Liverpool Overhead Railway – Museum of Liverpool talk

Sheila, Jen and I went to a fascinating talk by Sharon Brown the Curator of Land Transport at Liverpool Museum last Saturday. Here are three photos. The first is of the talk from Sharon (seen in the blue dress), the second is of the tunnel mouth where the Overhead Railway actually used to go underground at the south end of the line approaching Dingle Station, the third is a part of the model of the railway in the Museum of Liverpool.

Click on the photos to enlarge them

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Sharon clearly knew her subject and put it over well with a number of slides showing the building of the line in the late 1800’s right through to its closure in 1956. Some in the audience were old enough to recall travelling on the Overhead, locally known as the Dockers Umbrella. The talk was part of Heritage Month.

SAVE OUR LIBRARIES – I brief look at the innovative York solution

I mentioned in a recent posting about Sefton’s appalling library closure programme that I had been to York this summer and had become aware of what that Council is doing to try to bring the costs of running its libraries within the available budget.

York’s solution is innovative and seemingly really positive as its aim is just the opposite of Labour run Sefton. In Sefton Labour is closing 7 libraries unless community groups wish to save them and they are doing it in some of the poorest communities in the Borough! In York the Labour run Council are trying to keep the network of libraries up and running; closing them seems to be the last thing on that Council’s mind!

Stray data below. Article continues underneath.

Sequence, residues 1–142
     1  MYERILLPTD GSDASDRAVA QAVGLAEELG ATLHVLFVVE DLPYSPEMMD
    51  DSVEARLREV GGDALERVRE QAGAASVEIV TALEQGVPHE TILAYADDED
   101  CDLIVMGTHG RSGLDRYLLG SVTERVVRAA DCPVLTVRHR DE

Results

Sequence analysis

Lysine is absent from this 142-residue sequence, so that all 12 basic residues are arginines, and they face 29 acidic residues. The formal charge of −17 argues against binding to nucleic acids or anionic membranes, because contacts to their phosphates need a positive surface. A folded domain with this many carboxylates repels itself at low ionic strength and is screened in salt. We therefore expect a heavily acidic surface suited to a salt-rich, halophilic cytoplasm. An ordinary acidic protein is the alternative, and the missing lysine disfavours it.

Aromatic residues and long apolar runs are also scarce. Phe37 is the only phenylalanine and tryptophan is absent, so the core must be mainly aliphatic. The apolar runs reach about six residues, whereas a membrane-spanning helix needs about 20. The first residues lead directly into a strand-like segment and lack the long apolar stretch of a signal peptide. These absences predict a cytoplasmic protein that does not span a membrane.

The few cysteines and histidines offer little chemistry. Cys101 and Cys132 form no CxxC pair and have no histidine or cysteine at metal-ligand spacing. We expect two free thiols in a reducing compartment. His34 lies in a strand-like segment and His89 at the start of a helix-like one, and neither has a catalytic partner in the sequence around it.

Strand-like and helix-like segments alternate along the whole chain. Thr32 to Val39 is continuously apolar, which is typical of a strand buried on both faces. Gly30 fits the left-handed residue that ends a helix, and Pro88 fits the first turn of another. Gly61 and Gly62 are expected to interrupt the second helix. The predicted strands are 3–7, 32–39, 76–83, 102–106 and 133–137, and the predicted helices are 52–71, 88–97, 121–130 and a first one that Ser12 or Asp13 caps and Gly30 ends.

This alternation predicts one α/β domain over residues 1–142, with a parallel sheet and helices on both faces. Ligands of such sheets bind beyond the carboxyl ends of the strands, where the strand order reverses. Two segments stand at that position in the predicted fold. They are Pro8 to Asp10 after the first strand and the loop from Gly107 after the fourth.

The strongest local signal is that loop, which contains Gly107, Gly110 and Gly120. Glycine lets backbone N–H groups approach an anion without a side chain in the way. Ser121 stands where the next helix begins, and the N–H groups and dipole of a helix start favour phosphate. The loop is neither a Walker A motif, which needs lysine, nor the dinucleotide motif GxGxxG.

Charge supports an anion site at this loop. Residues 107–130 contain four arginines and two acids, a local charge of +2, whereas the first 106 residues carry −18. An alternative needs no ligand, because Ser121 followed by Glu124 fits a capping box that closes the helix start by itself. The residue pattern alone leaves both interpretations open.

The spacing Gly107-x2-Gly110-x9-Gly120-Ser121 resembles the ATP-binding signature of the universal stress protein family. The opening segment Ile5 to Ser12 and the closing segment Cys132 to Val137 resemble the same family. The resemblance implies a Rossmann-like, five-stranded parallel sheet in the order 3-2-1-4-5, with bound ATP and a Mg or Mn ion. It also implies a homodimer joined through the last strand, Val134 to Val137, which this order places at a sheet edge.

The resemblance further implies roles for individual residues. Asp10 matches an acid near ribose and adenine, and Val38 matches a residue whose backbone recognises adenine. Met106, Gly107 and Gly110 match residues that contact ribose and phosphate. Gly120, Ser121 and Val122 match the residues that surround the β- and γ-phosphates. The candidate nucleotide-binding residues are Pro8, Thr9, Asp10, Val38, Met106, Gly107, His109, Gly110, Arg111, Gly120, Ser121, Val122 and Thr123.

The unique café/library in York's Rowntree Park

The unique café/library in York’s Rowntree Park

A visit to Rowntree Park in York brought all this to my attention because in that lovely park (which is similar to say to Botanic Gardens or Hesketh Park in Southport) there is a relatively new an innovative facility. It is a café which also doubles as a form of library. It seemed to be hugely popular with park users and with parents of young children in particular as they were in and around it drinking coffee whilst reading to their youngsters. A really fascinating leaning and relaxation experience for all.

But what I also learned via a string of detailed information posters placed in this café/library was that York was setting up a new way of running all its libraries called a Community Benefit Society, in effect a charitable company/organisation.

There was huge amount of information and if I understood it all properly library staff and library users were really up for giving it a go. But what has really got my goat is that Labour run Sefton refused to look at such options that library groups and indeed we Lib Dems have been suggesting where volunteers and paid staff work together to deliver quality library services.

OK it may not work but why on earth simply plump from closures of Libraries without in communities across Sefton without trying out such an innovative solution? Oh, the narrow mindedness of socialism in Sefton really is so stifling!

SAVE OUR LIBRARIES – An update on the 7 closures in Sefton Borough

At present Aintree Library looks to be the only one of the 7 threatened libraries that may have a reasonable chance of surviving Labour’s cull although I understand that last ditch efforts are being made, once again, to pull an iron out of the fire in respect of Birkdale Library.